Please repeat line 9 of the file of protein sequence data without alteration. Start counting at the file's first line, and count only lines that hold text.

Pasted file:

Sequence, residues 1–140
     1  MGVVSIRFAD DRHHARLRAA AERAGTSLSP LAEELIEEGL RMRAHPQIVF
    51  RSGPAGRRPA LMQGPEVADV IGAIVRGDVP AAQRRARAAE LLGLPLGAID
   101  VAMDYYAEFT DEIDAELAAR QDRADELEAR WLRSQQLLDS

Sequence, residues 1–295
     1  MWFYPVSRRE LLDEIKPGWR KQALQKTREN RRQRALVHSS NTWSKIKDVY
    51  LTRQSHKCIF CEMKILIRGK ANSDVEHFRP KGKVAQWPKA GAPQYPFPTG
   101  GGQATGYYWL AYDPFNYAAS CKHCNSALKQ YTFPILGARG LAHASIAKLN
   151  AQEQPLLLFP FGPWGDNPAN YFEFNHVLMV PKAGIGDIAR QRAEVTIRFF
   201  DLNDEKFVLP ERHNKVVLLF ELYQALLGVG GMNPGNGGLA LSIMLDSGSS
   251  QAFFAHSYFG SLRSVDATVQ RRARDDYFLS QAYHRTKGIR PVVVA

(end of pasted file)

   151  AQEQPLLLFP FGPWGDNPAN YFEFNHVLMV PKAGIGDIAR QRAEVTIRFF